Weekly digest: what’s happening in Open Science?

Tim Ellison

Featuring the launch of cloud-based technology that enables one-click access to research articles, the new supplement for publishing negative results, and the first publisher-owned open research platform.

Digital Science launches Anywhere Access to enable one-click access to full-text scholarly articles via Digital Science

This week, Digital Science announced the launch of Anywhere Access, a cloud-based library solution that allows researchers immediate access to online open access and subscription articles. The technology enables one-click access via ‘View PDF’ links that appear in search services including Google Scholar, PubMed, Dimensions and Primo, as well as on publisher websites. In the press release, Digital Science provides an example to demonstrate how the technology works.

CBMRT announces launch of the Null Hypothesis (H0) supplement for publishing negative results via Open Pharma

Scientists are under increasing pressure to publish negative results, but in doing so face the challenges of competing for publication space against studies with positive results and limiting their time spent on publishing research with more exciting results. In this new guest post on the Open Pharma blog, Sarah Hadley, the Deputy Director at the Center for Biomedical Research Transparency (CBMRT), announces the organization’s plans to publish the first edition of the Null Hypothesis (H0) supplement, which will include research articles on well-designed yet negative and inconclusive studies, in partnership with the medical journal Neurology later this year. The post also highlights the upcoming CBMRT annual Biomedical Transparency summits in Paris in November 2018 and Bethesda in February 2019, and invites interested parties to get in touch to register their interest.

F1000 partners with Emerald Publishing to create the first publisher-owned open research platform via F1000 blog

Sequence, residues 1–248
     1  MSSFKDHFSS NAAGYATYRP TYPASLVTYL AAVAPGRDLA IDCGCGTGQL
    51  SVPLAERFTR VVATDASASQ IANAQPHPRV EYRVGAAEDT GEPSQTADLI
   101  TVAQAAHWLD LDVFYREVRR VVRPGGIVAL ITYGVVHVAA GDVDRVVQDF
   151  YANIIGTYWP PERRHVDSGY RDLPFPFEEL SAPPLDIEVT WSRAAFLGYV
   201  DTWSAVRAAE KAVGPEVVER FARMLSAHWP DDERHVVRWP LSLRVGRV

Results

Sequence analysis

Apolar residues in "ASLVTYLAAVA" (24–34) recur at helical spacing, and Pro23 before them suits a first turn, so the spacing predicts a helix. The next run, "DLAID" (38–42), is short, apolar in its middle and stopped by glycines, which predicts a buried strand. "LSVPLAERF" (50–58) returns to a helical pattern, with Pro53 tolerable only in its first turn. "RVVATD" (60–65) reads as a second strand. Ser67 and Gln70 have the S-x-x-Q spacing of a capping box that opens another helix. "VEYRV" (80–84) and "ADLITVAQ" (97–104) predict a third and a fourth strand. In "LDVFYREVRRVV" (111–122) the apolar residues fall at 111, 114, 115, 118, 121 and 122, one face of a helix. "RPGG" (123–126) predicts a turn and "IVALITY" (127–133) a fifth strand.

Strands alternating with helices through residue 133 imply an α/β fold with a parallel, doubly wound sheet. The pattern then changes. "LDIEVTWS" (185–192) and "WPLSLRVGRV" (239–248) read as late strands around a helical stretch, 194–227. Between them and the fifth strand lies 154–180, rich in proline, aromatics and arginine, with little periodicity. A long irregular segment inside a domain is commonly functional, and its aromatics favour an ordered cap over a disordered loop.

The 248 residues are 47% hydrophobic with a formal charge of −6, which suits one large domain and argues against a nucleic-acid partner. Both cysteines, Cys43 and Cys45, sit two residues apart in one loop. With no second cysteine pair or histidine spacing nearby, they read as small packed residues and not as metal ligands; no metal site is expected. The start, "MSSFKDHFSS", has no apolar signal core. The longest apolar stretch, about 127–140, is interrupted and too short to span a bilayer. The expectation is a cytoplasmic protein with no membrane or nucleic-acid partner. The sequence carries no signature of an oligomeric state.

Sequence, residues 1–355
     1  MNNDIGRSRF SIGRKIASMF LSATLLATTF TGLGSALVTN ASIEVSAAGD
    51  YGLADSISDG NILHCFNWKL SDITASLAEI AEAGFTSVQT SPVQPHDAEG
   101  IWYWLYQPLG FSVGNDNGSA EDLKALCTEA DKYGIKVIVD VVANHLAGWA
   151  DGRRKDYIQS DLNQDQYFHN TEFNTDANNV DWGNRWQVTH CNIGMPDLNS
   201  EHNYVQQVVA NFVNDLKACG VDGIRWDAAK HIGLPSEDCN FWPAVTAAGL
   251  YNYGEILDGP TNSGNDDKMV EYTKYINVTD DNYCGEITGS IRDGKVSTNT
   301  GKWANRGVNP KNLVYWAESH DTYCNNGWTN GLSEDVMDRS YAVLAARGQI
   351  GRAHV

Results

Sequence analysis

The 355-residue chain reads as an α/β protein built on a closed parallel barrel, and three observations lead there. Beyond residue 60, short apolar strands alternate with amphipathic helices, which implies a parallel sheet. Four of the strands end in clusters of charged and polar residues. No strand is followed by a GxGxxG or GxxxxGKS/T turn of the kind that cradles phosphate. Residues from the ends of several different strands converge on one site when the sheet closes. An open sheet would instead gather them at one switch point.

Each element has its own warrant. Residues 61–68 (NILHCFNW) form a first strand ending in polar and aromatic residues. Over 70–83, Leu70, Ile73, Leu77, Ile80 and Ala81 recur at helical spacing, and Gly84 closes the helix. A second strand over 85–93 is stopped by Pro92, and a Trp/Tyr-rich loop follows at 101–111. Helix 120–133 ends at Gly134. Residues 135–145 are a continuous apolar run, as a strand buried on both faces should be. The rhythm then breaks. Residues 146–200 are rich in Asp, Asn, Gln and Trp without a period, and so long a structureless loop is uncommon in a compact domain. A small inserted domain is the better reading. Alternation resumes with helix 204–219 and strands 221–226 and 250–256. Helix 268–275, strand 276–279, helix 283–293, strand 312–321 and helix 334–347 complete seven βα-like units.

In this blog post, Rebecca Lawrence, the Managing Director of F1000 (the publisher that created the F1000Research open research platform), announces that F1000 is partnering with Emerald Publishing to operate an open research platform on its behalf. F1000 has previously worked with research funders such as the Wellcome Trust and the Bill & Melinda Gates Foundation to develop the Wellcome Open Research and Gates Open Research platforms, but Emerald Publishing will be the first publisher to use F1000’s services. Emerald Open Research will publish research that addresses the United Nations’ Sustainable Development Goals, and will use the same post-publication peer review model as F1000Research.

The evolution of peer review via MPIP Transparency and Data Sharing blog

In this opinion piece for the Medical Publishing Insights & Practices (MPIP) blog, Richard Smith, the former editor of The BMJ, discusses the evolution of peer review, which, he argues, is paradoxically a faith-based rather than evidence-based activity. Smith highlights problems with peer review in its traditional form and shares information on other peer review models. His conclusion is that although there are many innovations in the peer review process, their effectiveness has not yet been evaluated rigorously.

The challenges for open science adoption in Europe via Medium

In this blog post, David Osimo, Director of Research at The Lisbon Council, a Brussels-based think tank, discusses the disparity between open science principles and practice. The piece argues that although open science principles are increasingly being embraced by research funders and in policy documents, the adoption of open science practices is still limited. Osimo suggests that there are two underlying reasons: a misalignment of incentives, and operational barriers related to cost and skills.